Trump’s 45% Tariff on Chinese Imports and How to Avoid It?
On February 10, 2017 we post we posted Border Tariff or Border Adjustment Tax or US VAT? where we discussed that there's a lot of talk these days about borders and taxes in Washington. U.S. President Donald Trump wants to hit firms that outsource with a simple tariff on imports, but republicans in Congress have pitched a more complex idea, a border adjustment, built into a corporate-tax overhaul.
The idea is that U.S. companies that import goods in VAT countries (i.e., almost every other country in the world) are being charged with import VAT. This import VAT is creditable/recoverable for domestic importers, but not for U.S. importers. Therefore, U.S. companies that import goods elsewhere are significantly worse off than domestic traders. This is protectionism and must be retaliated against.
Now according to TradeReady in addition to a potential border adjustment tax (BAT), President Trump has also threatened to impose a 45% tariff on imports from China. Imported goods that would be affected by this tariff include clothes and electronics. According to the Tariff Act of 1930, President Trump could impose “tariffs of up to 50% and then, if escalation was required, block imports completely.”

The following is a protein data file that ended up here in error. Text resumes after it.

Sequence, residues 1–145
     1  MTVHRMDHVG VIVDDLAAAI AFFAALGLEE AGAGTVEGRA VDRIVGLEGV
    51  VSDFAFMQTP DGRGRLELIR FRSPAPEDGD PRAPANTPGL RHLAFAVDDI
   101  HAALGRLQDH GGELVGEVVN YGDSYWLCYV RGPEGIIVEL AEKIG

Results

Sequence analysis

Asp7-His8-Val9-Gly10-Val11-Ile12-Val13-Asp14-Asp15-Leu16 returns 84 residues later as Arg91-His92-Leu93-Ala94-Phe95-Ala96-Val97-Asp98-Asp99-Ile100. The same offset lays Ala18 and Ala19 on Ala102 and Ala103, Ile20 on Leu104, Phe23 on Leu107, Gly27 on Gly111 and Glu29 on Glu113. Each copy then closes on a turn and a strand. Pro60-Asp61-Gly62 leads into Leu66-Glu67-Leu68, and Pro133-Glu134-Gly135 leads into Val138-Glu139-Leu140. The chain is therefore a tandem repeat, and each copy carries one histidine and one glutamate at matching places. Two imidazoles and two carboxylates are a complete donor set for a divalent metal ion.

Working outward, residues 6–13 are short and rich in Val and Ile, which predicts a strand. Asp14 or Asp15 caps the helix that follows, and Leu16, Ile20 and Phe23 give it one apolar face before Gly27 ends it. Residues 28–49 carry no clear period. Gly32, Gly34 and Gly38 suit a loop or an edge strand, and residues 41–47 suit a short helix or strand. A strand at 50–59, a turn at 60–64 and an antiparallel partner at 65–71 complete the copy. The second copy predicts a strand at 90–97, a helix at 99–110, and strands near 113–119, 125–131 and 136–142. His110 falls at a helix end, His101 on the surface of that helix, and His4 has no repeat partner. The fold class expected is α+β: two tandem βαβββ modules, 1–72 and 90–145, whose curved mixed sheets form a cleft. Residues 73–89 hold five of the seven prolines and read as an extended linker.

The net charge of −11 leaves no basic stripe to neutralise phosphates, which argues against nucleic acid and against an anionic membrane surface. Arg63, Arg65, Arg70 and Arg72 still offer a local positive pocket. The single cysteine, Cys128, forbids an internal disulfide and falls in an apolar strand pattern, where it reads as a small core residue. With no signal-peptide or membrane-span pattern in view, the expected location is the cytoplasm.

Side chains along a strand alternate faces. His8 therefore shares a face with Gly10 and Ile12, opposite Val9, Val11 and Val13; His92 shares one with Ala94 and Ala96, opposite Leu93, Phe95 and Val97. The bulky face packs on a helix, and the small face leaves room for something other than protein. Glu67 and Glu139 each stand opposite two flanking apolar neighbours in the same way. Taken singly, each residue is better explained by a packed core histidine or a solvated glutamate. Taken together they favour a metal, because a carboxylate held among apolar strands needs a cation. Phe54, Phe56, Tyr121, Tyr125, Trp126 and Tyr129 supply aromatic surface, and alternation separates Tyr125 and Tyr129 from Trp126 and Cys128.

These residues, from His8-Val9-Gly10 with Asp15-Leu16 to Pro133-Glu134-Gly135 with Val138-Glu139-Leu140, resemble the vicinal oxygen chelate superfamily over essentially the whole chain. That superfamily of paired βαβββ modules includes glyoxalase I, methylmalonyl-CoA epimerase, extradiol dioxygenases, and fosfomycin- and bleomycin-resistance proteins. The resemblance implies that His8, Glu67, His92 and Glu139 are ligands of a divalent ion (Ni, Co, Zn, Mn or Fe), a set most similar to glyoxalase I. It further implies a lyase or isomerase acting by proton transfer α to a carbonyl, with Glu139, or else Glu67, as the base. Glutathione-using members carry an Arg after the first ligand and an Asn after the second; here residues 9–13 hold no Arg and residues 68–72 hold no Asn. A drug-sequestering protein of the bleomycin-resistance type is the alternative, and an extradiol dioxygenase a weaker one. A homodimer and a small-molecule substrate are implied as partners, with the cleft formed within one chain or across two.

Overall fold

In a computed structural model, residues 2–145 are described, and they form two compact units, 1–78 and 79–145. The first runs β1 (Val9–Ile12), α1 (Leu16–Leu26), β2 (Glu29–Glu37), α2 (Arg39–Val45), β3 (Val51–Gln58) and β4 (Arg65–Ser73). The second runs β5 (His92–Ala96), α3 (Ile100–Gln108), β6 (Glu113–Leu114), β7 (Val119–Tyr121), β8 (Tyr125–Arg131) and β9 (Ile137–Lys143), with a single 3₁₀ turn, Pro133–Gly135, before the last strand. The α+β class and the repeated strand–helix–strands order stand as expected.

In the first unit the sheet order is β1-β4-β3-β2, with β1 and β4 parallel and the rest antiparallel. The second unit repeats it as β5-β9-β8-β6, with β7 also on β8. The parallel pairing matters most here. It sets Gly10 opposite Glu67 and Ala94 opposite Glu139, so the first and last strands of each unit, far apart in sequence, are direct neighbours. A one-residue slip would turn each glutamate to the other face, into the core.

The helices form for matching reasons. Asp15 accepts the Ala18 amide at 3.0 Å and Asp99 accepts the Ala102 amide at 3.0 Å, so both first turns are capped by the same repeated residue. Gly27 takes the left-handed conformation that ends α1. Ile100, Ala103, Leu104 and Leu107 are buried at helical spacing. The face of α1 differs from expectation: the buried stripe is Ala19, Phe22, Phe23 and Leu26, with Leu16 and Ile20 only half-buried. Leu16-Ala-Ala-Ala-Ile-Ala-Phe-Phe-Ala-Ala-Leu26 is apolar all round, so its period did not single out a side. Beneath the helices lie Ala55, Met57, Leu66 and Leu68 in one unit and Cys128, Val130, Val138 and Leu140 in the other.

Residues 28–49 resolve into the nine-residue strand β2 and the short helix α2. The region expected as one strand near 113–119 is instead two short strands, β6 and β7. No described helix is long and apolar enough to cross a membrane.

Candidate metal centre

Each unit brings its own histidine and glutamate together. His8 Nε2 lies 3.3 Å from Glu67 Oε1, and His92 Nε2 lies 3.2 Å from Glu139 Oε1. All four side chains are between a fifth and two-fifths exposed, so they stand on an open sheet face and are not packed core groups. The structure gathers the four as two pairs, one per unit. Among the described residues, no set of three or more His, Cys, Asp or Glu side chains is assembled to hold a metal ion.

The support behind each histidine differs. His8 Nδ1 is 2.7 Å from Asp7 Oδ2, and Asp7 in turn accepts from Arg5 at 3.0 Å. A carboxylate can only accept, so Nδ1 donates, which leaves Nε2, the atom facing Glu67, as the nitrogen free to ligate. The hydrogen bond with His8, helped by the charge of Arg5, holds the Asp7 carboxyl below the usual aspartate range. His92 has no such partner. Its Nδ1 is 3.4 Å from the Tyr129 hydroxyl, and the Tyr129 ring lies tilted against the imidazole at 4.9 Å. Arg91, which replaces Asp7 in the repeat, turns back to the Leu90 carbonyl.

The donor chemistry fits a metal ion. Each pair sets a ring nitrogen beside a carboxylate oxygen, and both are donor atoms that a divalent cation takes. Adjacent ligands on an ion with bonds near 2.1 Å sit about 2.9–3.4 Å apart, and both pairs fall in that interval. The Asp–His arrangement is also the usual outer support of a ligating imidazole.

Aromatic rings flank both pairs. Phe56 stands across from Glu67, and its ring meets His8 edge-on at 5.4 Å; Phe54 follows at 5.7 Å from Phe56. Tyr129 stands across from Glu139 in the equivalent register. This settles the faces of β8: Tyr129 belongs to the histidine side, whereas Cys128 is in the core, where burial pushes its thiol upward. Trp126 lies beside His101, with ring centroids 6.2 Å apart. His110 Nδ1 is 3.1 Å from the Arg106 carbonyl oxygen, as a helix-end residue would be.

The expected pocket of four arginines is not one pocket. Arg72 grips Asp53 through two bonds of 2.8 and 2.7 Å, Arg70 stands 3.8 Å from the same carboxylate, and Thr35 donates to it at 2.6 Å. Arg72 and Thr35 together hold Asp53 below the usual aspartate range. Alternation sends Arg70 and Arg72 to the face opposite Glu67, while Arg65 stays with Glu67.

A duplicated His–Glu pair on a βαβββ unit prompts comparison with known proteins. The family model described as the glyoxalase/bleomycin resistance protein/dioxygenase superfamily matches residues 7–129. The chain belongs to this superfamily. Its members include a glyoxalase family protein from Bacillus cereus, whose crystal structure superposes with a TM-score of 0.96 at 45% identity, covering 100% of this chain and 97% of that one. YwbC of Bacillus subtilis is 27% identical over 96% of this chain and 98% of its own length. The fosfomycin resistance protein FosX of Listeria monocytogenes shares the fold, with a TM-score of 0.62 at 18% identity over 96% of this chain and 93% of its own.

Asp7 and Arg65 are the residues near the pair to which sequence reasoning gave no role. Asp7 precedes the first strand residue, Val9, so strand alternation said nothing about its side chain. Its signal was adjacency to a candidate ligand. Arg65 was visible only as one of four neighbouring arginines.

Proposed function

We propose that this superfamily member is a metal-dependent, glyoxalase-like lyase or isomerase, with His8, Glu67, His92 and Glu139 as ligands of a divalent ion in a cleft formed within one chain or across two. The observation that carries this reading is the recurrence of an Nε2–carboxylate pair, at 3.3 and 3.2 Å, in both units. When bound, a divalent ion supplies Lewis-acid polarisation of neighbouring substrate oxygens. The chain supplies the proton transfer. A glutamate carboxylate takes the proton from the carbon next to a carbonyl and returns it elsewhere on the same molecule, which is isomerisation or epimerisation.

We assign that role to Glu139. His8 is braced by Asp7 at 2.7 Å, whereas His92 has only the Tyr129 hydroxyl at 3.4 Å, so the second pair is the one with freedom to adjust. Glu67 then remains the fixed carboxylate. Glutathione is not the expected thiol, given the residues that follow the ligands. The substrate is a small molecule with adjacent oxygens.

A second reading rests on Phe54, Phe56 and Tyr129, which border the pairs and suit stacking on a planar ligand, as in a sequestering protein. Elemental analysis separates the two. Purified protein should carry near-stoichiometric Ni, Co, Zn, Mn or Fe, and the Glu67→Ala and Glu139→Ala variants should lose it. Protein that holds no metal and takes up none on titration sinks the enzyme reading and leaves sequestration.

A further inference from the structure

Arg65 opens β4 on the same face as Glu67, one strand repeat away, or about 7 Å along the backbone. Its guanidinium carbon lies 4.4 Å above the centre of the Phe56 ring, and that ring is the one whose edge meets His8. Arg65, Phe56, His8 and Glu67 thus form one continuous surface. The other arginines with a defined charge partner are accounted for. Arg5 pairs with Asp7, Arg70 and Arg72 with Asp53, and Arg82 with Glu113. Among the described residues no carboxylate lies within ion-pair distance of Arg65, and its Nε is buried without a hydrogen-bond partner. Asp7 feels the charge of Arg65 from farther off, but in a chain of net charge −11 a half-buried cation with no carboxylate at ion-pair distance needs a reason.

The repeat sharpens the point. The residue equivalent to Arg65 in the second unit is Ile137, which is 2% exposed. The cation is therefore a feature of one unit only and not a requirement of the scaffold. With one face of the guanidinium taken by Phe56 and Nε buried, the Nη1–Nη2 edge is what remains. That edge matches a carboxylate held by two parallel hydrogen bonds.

Those Affected Companies May Avoid The 45% Tariff On Imports By Using A Bonded
Warehouse or A Foreign Trade Zone.
For example, importers bring merchandise into the U.S. that is not intended for U.S. consumption, but rather for exportation and consumption overseas; can take advantage of either a Bonded Warehouse or FTZ to bypass the 45% duties.
A Bonded Warehouse “is a customs regulated warehouse which must comply with strict Custom and Border Protection requirements.” According to the CPB, any merchandise that is stored in the Bonded Warehouse “is under the joint custody and joint supervision of both CBP and the Bonded Warehouse proprietor.”
A Foreign Trade Zone (FTZ) is a secure area that is under CBP supervision, but is not considered within customs territory. The CPB explains that FTZs are “located in or near CBP ports of entry,” and are the American version of what are known in the rest of the world as free trade zones. Both domestic and foreign goods may be placed in an FTZ.
With an ability to curtail the possible 45% import tax by opting for either a Bonded Warehouse or an FTZ, the time to apply is now.